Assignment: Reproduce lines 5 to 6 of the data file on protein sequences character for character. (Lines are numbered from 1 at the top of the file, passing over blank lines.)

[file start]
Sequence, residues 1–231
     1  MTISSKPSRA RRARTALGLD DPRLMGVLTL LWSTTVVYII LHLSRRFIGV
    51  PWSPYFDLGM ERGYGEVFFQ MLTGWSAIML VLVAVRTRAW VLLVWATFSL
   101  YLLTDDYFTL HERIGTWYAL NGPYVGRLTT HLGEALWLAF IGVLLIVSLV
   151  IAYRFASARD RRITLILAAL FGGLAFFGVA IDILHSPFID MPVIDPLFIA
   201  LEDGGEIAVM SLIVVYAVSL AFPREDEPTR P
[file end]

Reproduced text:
   151  IAYRFASARD RRITLILAAL FGGLAFFGVA IDILHSPFID MPVIDPLFIA
   201  LEDGGEIAVM SLIVVYAVSL AFPREDEPTR P